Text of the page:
If you read business books or take professional development classes, you’ve undoubtedly been told about the power of networking—handing out your business card at social luncheons, showing up at key events, and promoting yourself. But just because that’s a widely accepted practice doesn’t mean it’s an effective one. It’s smarmy and manipulative, and usually pretty transparent.
Instead, don’t network at all.
If what you’re really doing is trying to buddy up to people you think are on a higher plane than you are in order to get help from them, then it’s a lecherous relationship you’re after, not a genuine one. There are expert networkers who succeed at whatever they’re trying to promote. Even so, when I go to sleep at night I’m glad I’m me and not them.
I’ve heard several cautionary tales of people who’ve overstepped the privileges of acquaintance. Never pretend that you have a relationship with someone that goes beyond what’s really there. An opportunistic person might say, "Joe Smith suggested I contact you," when in fact Joe Smith said no such thing. When this gets back to Joe, can you guess what he’s going to say? Don’t assume it’s OK to use someone’s name to get in the door, even if you consider that person a friend. Ask first, or it’s likely to backfire.
Life is not about using other people as you climb to the top.
Stay real instead, and build friendships. Too many people are afraid to mix their business lives with their personal lives, and I think that’s sad. That came to me once when I was talking with Jean and Georges, who’d worked together for years, and I realized they barely knew anything about each other. They’d never been in each other’s homes, and they didn’t know anything about each other’s spouses or children. What a waste. Don’t be afraid of real human relationships. They matter.
Some people have bad experiences working with their friends. Yet there are many examples of lifelong friend/work connections. My colleague David Kelley realized, when he was still a Stanford masters student, that it was fun to work with his friends. He formed a company called Intergalactic Design with several of his classmates. Three companies and over 40 years later, some of the same friends are still working with him.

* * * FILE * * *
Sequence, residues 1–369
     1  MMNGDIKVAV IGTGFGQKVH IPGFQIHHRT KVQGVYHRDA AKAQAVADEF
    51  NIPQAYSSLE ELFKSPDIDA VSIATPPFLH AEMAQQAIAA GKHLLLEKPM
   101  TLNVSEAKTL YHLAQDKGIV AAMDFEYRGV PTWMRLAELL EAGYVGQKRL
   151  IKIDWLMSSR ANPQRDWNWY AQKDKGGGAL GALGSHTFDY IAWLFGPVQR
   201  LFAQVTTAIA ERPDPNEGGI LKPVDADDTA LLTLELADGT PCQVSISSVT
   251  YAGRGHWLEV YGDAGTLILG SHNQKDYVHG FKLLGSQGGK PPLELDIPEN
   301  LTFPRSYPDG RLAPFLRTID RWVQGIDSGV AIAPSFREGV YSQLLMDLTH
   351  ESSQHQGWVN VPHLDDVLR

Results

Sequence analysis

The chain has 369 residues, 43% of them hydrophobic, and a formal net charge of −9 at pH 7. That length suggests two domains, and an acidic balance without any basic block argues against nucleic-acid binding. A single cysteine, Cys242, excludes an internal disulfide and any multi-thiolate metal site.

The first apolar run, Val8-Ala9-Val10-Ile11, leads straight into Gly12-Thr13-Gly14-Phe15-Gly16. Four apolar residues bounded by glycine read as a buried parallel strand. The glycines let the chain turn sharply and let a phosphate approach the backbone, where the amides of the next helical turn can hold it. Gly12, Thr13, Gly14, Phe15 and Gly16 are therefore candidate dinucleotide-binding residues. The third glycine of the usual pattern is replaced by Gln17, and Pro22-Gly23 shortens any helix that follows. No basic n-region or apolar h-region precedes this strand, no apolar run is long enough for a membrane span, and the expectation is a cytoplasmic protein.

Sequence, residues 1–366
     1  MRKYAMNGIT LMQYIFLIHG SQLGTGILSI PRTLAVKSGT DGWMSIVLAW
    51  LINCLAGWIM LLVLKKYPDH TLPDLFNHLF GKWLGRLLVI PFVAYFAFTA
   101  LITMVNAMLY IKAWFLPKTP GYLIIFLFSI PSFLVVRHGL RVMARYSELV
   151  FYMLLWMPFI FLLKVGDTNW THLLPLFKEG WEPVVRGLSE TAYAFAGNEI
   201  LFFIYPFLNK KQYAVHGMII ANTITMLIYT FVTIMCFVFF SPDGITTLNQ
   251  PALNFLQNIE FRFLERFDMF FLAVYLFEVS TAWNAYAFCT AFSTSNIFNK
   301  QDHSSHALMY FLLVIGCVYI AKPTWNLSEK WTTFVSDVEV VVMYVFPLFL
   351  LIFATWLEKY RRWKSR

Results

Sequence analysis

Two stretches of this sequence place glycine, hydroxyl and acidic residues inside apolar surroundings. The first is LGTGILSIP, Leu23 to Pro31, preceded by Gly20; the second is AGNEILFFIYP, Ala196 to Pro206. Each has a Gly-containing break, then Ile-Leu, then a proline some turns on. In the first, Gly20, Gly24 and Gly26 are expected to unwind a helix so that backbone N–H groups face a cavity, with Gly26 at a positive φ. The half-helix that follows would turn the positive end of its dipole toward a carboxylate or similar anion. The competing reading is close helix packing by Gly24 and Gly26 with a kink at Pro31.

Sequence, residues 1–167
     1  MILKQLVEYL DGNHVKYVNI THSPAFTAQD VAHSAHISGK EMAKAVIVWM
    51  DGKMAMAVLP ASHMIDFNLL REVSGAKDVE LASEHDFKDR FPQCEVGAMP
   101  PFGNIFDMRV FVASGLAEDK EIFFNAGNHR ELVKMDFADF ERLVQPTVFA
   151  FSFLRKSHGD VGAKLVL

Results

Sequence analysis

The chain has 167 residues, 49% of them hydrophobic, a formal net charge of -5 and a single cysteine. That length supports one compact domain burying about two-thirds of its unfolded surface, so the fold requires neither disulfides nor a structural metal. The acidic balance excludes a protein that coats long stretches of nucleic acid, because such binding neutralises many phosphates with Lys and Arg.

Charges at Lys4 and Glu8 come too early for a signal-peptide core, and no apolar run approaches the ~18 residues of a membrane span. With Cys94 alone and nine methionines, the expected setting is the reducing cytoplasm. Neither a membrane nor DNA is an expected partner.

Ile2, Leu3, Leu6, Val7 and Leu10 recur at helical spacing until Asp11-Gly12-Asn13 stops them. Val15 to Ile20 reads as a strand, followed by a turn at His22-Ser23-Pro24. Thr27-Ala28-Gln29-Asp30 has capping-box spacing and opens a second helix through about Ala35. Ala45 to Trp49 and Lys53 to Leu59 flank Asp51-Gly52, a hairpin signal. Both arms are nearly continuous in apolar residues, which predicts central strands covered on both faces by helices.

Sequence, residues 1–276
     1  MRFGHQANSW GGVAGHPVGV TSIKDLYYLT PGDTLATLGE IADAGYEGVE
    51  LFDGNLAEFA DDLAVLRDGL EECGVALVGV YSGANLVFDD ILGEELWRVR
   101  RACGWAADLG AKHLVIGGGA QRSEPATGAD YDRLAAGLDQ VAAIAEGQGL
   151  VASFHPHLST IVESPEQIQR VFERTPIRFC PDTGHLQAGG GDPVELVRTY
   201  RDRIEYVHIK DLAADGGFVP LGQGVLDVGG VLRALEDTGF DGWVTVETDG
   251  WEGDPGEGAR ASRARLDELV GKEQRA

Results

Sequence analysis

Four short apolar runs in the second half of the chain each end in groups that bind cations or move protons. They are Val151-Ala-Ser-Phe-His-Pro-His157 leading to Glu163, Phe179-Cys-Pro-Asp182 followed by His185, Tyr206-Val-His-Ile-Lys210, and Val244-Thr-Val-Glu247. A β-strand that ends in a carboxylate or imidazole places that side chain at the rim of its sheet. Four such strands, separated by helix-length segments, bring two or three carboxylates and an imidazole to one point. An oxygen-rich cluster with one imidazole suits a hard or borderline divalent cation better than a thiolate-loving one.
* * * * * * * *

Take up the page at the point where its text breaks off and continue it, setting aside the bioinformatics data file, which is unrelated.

It is common wisdom that if you lend money to your friends, you will lose both your money and your friendship. I guess that is the case if you have the wrong friends. I have always found it a great pleasure to assist friends to fund their projects or meet temporary needs, and I have never lost my money or my friendships.
When you forge these kinds of real relationships, the word "networking" doesn’t even come into play. You naturally think of each other when opportunities arise. You ask for assistance and they show up, because they are friends and that’s what friends do, not because you gave them a fake smile and a firm handshake at a luncheon.
Let people see you as human. Be real. Ask yourself: Who would you rather see at your door, a friend or a door-to-door salesman? Be proactive in making friendships wherever you land. Invite people out to eat or over to your house. When you hear that a loved one of theirs is sick, follow up and ask about it the next day.
Do you have co-workers you don’t know much about? Take time to get to know some of them. Make a few casual lunch or coffee dates, and take time to have a social (not business, or office gossip) conversation. Find out about their lives, and if they are interested, share information about yours.
What it comes down to is that if you want people to assist you, you should (a) ask them, because not everyone is that attuned to what you need, and (b) be a decent human being. Do not pretend you know more than you do. Most people are flattered when you have a genuine need and ask for their expertise. When you’re offered assistance, respect others’ time constraints—don’t call every day, or expect them to write responses to a hundred questions—and be appreciative.
This article is adapted from The Achievement Habit: Stop Wishing, Start Doing, And Take Command Of Your Life by Bernard Roth, founder and academic director of the Hasso Plattner Institute of Design (the d.school) at Stanford University and the Rodney H. Adams Professor of Engineering. It is reprinted with permission.